In the old days many people perceived joining Wall Street was a golden ticket. They figured if you put your head down and work hard your career can be whatever you want it to be.
Some thought they would make their money and be done in their thirties or forties. Others imagined they would keep ascending to masters of the universe. Some figured they'd do a couple of years in banking, then the buy-side, then start their own fund. Today, many Wall Streeters are beaten down. Slaving away every day, they no longer see how their careers are working for them.
Here's five ways your Wall Street career has changed and what you can do about it.
1. A job on Wall Street used to be well-respected
You used to be able to say with pride that you worked on Wall Street. Sure, people still viewed you with the "is greed really good?" type of look, but they didn't look at you like your job was to burn down the economy and kick people out of their homes.
Today people on Wall Street sheepishly say, "I work in finance," rather than proudly announcing that they have worked their tail off to land a top job and work around the clock striving for success. Screw that. Take pride in what you do. Work hard. Do good work. Be proud of being ambitious.
2. Comp is not what it used to be
When I was an analyst you could reasonably expect to be a senior associate or junior VP making seven figures. More than fifteen years later many MDs are lucky to make that. Even on the buy-side, including the big PE shops, comp is hardly what it used to be.
Now, to main street this is ridiculous money, but consider what you have to do to earn it, and what it buys you. A forty-something MD whose been at it for nearly two decades, working around the clock under constant stress, earning six-to-seven figures paying 50% taxes, jammed into an apartment in NYC, London, HK, or otherwise, with a wife and 2.2 kids is hardly living the rich life.
3. Exit opportunities are not what they used to be
Bankers used to believe that leaving Wall Street the world of opportunities was open to them. Many corporate gigs are legitimately taking a step back. Most start-up jobs are buying an option, with volatility rarely priced in.
The buy-side used to be the panacea for bankers, but not anymore. The glory days of PE andare behind us. The mega funds and opportunities are a fraction of what they were a decade ago. The opportunities to strike out on your own and start your own fund are limited to non existent.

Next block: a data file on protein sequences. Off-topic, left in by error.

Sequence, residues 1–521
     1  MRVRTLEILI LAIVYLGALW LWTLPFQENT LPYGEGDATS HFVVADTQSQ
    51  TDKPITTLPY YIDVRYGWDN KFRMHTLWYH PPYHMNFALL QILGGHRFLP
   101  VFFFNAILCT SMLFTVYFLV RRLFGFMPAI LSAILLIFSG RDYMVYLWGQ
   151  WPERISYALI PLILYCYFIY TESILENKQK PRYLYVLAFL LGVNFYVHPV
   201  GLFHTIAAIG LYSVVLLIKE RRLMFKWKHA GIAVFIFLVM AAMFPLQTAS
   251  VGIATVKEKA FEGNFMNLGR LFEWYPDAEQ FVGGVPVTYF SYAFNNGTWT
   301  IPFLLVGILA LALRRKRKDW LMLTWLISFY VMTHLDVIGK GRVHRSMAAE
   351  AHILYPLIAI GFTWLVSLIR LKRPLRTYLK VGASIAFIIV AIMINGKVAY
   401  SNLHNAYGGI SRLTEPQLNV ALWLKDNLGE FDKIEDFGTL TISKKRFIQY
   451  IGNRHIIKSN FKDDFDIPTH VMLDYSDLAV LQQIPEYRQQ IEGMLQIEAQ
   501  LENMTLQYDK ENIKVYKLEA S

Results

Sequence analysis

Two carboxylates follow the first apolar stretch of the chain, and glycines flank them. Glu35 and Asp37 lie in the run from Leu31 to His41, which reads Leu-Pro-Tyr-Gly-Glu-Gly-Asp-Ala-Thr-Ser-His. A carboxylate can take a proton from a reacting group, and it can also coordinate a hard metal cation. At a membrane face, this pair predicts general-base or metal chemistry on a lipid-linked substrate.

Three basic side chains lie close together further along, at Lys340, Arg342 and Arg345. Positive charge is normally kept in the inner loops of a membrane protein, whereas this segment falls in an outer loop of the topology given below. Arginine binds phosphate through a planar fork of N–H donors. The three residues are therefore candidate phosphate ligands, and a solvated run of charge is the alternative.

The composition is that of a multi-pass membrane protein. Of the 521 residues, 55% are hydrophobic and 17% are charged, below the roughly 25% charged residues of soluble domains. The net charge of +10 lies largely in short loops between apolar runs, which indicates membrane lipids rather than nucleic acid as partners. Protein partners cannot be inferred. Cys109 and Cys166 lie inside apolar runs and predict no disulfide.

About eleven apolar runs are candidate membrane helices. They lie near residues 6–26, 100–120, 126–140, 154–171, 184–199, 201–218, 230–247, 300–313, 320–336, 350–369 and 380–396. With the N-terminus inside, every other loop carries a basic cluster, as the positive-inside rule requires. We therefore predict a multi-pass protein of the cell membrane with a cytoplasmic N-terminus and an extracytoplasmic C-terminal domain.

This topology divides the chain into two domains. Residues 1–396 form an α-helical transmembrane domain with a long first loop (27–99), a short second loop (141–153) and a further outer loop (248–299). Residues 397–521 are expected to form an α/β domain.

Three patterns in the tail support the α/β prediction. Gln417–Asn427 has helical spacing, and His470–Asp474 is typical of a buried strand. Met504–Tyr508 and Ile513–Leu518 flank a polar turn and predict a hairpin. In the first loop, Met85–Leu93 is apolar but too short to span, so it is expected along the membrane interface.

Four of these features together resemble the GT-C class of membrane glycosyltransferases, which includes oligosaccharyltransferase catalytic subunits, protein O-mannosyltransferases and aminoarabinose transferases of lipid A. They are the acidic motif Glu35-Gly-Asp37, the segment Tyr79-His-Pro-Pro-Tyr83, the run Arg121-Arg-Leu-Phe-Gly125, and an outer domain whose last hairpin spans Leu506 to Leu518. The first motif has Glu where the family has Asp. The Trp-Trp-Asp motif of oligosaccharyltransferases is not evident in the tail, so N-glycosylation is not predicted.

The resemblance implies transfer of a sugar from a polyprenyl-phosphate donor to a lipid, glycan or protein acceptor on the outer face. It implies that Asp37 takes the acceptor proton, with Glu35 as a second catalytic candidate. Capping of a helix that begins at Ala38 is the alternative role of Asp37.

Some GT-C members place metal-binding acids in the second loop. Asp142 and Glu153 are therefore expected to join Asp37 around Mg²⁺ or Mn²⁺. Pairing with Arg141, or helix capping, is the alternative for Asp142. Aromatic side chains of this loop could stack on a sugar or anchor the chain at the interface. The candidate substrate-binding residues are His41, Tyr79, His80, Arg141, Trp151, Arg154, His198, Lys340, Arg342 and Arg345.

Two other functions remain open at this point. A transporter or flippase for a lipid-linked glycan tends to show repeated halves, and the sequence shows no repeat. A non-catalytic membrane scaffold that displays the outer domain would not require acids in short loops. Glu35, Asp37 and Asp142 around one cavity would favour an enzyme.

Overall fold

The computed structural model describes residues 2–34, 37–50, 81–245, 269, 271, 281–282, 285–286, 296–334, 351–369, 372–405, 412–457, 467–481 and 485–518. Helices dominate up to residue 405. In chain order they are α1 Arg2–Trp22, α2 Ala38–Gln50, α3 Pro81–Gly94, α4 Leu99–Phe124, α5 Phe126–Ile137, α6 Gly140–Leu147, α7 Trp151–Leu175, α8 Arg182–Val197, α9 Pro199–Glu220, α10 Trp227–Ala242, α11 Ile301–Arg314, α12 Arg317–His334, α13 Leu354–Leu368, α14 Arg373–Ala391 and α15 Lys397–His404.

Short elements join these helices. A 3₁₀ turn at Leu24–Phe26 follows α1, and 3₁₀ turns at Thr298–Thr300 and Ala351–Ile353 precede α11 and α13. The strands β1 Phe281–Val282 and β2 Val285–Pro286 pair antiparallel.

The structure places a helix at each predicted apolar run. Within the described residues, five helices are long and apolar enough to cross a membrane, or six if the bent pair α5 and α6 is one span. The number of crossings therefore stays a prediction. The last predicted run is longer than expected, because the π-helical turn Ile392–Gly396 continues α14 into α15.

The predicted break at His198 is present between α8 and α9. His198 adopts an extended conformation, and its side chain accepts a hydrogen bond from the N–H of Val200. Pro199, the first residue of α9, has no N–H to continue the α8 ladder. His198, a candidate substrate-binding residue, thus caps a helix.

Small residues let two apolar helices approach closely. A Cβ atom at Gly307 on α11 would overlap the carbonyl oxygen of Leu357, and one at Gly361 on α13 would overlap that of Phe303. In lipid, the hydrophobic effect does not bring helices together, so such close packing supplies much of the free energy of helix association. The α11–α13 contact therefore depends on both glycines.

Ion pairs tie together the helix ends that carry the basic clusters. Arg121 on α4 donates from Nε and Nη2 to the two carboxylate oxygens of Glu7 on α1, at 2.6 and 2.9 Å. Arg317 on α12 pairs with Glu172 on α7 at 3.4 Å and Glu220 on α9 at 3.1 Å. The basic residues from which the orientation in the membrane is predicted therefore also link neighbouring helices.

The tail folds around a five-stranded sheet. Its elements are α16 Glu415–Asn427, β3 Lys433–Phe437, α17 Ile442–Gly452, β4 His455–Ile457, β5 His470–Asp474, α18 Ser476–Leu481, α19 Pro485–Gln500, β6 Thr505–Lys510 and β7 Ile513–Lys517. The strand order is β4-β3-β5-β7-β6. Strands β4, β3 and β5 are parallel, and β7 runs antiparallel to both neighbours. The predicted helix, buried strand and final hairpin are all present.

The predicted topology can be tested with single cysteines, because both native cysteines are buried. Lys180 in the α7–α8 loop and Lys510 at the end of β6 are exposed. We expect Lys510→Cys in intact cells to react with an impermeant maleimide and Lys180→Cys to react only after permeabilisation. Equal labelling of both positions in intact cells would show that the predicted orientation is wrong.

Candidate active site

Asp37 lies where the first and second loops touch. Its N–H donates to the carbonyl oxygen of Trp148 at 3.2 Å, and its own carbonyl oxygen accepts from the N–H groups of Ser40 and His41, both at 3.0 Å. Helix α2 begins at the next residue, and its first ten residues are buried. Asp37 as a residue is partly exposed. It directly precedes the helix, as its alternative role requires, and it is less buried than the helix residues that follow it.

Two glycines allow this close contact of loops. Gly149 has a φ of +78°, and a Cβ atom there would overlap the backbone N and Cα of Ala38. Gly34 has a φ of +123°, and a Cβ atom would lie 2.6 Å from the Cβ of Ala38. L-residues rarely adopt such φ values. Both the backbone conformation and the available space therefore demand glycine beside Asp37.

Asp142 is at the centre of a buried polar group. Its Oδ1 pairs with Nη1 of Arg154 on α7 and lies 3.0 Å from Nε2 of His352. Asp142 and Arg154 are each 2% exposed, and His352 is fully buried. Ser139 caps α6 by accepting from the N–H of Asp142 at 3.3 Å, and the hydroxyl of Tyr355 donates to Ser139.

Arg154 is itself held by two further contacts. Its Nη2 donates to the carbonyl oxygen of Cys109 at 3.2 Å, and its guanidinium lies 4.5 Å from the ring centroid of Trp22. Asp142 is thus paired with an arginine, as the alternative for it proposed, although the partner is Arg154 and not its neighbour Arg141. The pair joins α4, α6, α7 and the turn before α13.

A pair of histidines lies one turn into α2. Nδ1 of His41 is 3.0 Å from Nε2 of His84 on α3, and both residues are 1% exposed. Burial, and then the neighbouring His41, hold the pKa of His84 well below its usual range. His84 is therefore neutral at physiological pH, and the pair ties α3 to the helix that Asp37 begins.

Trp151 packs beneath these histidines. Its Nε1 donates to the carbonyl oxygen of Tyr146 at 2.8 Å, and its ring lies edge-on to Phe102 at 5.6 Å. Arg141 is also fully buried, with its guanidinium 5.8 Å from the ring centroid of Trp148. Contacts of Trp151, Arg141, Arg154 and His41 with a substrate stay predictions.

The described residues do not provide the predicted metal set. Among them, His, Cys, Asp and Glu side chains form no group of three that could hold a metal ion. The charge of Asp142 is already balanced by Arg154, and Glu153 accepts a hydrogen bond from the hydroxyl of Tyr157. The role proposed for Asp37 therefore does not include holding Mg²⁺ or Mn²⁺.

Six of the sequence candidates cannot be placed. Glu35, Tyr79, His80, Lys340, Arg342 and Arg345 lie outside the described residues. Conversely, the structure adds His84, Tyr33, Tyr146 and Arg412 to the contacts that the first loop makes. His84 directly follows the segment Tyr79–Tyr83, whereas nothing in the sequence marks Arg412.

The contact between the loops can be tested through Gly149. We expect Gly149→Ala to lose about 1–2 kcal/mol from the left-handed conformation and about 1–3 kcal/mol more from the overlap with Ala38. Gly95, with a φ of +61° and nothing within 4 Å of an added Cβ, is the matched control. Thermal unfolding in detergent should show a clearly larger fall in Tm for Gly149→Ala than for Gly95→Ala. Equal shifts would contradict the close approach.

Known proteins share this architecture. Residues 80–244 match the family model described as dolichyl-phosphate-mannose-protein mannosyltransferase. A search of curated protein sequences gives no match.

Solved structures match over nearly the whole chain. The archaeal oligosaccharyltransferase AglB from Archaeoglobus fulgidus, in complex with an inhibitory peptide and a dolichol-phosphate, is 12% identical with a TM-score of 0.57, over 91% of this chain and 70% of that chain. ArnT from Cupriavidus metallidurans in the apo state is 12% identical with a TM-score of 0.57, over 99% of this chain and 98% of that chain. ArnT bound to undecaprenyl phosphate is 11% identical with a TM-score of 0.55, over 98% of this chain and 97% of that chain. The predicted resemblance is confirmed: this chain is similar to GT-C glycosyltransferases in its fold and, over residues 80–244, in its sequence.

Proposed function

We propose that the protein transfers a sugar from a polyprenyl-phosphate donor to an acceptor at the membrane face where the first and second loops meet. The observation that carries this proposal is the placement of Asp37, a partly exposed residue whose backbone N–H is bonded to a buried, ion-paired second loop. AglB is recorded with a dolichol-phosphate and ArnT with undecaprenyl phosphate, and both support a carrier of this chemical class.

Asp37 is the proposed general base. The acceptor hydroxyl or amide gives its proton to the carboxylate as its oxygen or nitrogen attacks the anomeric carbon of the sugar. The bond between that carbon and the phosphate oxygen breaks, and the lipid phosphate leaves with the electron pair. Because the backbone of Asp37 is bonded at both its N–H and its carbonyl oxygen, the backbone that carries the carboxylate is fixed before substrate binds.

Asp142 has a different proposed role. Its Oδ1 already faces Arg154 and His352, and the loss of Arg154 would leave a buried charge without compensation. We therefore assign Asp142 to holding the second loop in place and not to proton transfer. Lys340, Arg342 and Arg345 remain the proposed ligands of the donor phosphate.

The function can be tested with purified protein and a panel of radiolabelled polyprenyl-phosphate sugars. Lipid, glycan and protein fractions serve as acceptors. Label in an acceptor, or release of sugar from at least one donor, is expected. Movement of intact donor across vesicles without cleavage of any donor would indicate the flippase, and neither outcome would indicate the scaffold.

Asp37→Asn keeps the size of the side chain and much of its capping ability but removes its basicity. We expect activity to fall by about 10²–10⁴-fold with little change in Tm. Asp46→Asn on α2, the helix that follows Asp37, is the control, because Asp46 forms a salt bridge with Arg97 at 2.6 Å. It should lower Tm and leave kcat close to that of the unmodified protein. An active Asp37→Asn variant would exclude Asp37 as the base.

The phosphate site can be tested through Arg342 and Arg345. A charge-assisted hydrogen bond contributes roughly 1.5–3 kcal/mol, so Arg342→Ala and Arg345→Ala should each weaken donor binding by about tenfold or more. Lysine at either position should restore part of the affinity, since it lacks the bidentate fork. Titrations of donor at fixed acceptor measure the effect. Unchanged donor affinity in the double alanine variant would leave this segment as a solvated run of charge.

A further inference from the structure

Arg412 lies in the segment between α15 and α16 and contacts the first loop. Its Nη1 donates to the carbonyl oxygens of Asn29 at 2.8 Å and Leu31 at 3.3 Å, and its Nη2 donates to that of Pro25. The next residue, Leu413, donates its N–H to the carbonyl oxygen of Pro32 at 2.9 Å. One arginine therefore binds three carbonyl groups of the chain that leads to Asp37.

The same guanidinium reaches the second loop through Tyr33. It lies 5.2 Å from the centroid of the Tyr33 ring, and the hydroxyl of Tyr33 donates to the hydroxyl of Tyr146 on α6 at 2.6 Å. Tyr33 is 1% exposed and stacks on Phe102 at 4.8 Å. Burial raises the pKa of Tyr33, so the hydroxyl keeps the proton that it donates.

4. Accelerated path diminished
My timing was lucky. Joining Goldman in 1998, I was one of few classes in history that on a mass scale promoted second year analysts straight through to associate. Skipping a year and business school was a boon for me. Some might want to go to BS, I didn't.
Today it is much harder to be an analyst promote, business schools have gotten more expensive, and associate (banking and buy-side) comp has come down pushing out your "path to freedom" by a number of years.
5. Less appealing long-term track
At Goldman a normal path to MD was to spend four years as a VP. Today that is five. After that, making partner might take 2-4 years. Today that is more like 6+ (if ever). The same is generally true across firms and across the street on the buy-side.
The track has slowed down and the comp at every level is lower. Do the math. The long-term track has become less appealing.
Reading this you might say, crap, none of that makes me feel great about a career on Wall Street, and I would suggest that is the right observation. Because when you start from a realistic world-view you can then ask yourself, What Can You Do About It?
First, I would suggest that even if WS isn't what it used to be, it is still an incredible place to get your career started. What's a better alternative?
Where do you go to get the type of experience you get on WS? Where do you quickly build incredible business skills and a strong resume? Where else are you surrounded by some of the hardest working and smartest minds in business? You can go to a tech startup and hope to hit a home run. Or go corporate and get on the snail trail. WS may not be what it used to be but it is still an incredible place to get started.
Second, here's what really matters.
Once you are there, what do you do with it? How do you get your career working for you? It may be an incredible place to get your career started, but the long-term path is only lucrative for a fewer number of people.
As one of my partner clients puts it, there is still an incredible opportunity in banking, but only for those who absolutely crush it. So, how do you crush it? How do you step back from your career, figure out what it takes to win, and build yourself into someone who crushes it? And how do you keep your career working for you over time? How do you keep setting your sights on what you want and keep moving in the right direction?
The simple answer is: Focus. You must stay ludicrously focused on what you want and what it takes to get it, and keep building yourself into the person who can do it.
About Geoff: A former investment banker atand investor at the , Geoff Blades is an advisor to senior Wall Street executives, CEOs, and CFOs, on corporate and strategic matters as well as topics of personal and professional development.